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, 121 (6), 524-536

Unexpected Mixed-Mode Transmission and Moderate Genetic Regulation of Symbiodinium Communities in a Brooding Coral

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Unexpected Mixed-Mode Transmission and Moderate Genetic Regulation of Symbiodinium Communities in a Brooding Coral

Kate M Quigley et al. Heredity (Edinb).

Abstract

Determining the extent to which Symbiodinium communities in corals are inherited versus environmentally acquired is fundamental to understanding coral resilience and to predicting coral responses to stressors like warming oceans that disrupt this critical endosymbiosis. We examined the fidelity with which Symbiodinium communities in the brooding coral Seriatopora hystrix are vertically transmitted and the extent to which communities are genetically regulated, by genotyping the symbiont communities within 60 larvae and their parents (9 maternal and 45 paternal colonies) using high-throughput sequencing of the ITS2 locus. Unexpectedly, Symbiodinium communities associated with brooded larvae were distinct from those within parent colonies, including the presence of types not detected in adults. Bayesian heritability (h2) analysis revealed that 33% of variability in larval Symbiodinium communities was genetically controlled. Results highlight flexibility in the establishment of larval symbiont communities and demonstrate that symbiont transmission is not exclusively vertical in brooding corals. Instead, we show that Symbiodinium transmission in S. hystrix involves a mixed-mode strategy, similar to many terrestrial invertebrate symbioses. Also, variation in the abundances of common Symbiodinium types among adult corals suggests that microhabitat differences influence the structure of in hospite Symbiodinium communities. Partial genetic regulation coupled with flexibility in the environmentally acquired component of Symbiodinium communities implies that corals with vertical transmission, like S. hystrix, may be more resilient to environmental change than previously thought.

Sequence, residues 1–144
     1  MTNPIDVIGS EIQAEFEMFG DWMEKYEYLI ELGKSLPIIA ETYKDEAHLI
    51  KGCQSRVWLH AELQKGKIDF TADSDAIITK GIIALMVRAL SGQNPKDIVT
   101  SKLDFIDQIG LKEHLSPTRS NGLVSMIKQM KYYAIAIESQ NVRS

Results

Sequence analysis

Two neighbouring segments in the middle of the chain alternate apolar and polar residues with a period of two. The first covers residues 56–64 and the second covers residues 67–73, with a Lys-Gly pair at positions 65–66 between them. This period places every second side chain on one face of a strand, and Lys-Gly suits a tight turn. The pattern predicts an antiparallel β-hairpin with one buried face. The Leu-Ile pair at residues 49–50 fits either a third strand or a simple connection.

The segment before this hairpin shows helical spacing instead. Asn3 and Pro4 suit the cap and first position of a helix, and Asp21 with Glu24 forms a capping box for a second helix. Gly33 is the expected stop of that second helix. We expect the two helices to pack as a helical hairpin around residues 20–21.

Conflict of interest statement

The authors declare that they have no conflict of interest.

Figures

Fig. 1
Fig. 1